Web strength

Spiders' sturdy silk fibers can be replicated in the lab

Bioengineers at Tufts have discovered how spiders and silkworms can spin webs and cocoons of nature's strongest fiber, meaning the process eventually could be re-created in a laboratory and have myriad biomedical and consumer applications.
spider on a web

The answer lies in how the insects control the water content of the silk protein.

"This finding could lead to the development of processing methods resulting in new high-strength and high-performance materials used for biomedical applications and protective apparel for military and police forces," said David Kaplan, professor and chair of biomedical engineering and director of Tufts' Bioengineering Center.

"We identified key aspects of the process that should provide a road map to optimize the artificial spinning of silks as well as improved production of silks in genetically engineered host systems such as bacteria and transgenic animals," Kaplan said.

Kaplan and former postdoctoral fellow Hyoung-Joon Jin, now a faculty member at the University of Bristol in England, published their findings in the August 28 issue of the international science journal Nature. The research was funded with $1 million from the National Institutes of Health and $200,000 from the U.S. Air Force Office of Scientific Research. Kaplan collaborated with Tufts colleagues in engineering, veterinary medicine and dental medicine.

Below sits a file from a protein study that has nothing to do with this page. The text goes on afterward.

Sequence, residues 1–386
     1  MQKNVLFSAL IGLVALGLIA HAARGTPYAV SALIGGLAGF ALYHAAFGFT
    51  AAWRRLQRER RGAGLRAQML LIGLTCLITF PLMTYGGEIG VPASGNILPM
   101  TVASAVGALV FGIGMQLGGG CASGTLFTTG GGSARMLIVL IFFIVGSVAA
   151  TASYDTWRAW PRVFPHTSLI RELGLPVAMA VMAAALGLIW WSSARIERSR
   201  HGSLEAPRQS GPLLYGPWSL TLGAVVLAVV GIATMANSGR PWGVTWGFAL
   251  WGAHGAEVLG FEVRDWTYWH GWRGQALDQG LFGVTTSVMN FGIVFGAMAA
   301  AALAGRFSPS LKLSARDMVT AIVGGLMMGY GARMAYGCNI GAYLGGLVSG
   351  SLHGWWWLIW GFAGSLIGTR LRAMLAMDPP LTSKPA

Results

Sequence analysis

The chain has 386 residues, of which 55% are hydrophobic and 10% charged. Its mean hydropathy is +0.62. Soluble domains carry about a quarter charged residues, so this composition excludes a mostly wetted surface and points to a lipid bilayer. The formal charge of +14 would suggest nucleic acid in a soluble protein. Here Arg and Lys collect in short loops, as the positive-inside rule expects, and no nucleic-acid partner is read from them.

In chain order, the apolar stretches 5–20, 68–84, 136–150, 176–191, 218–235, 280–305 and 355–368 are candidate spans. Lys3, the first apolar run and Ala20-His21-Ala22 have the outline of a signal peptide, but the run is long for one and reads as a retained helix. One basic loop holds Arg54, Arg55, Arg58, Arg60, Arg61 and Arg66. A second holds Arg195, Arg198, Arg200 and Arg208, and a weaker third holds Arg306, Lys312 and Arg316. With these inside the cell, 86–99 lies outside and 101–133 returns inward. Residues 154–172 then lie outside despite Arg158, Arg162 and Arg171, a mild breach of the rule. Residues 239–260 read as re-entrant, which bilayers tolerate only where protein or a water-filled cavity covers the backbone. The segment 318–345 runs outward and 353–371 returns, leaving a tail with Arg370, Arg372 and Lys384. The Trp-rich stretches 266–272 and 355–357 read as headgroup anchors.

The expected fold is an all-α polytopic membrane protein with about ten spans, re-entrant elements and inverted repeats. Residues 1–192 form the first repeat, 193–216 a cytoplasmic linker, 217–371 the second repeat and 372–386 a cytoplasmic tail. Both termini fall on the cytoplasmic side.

Silk proteins are organized into pseudo-micelle or soap-like structures that form globular and gel states during processing in the insects' glands, Kaplan said. This semi-stable state prevents the proteins from crystallizing until the spinning process is under way.

The control of water content is essential because premature crystallization of the protein could cause a permanent block in the spinning mechanism, leading to the insects' death.

This process, when combined with the novel polymer design features in silk proteins, retains sufficient water to keep the protein soluble, while allowing the protein to self-organize and reach spinnable concentrations. Achieving a sufficient concentration of protein is key to the proper spinning of fibers and to spider and silkworm survival.

Other potential applications of laboratory-made silk, Kaplan said, include high-performance materials for sports equipment, hiking gear and protective clothing; cell growth in tissue engineering, tissue and organ repair and an environmentally sound method to make fibers and films because the entire process occurs in water.

Last year, Kaplan and a team of researchers from Tufts' schools of Engineering and Medicine developed a process to repair one of the world's most common knee injuries—ruptured anterior cruciate ligament (ACL)—by bioengineering an artificial ACL using silk scaffolding for cell growth.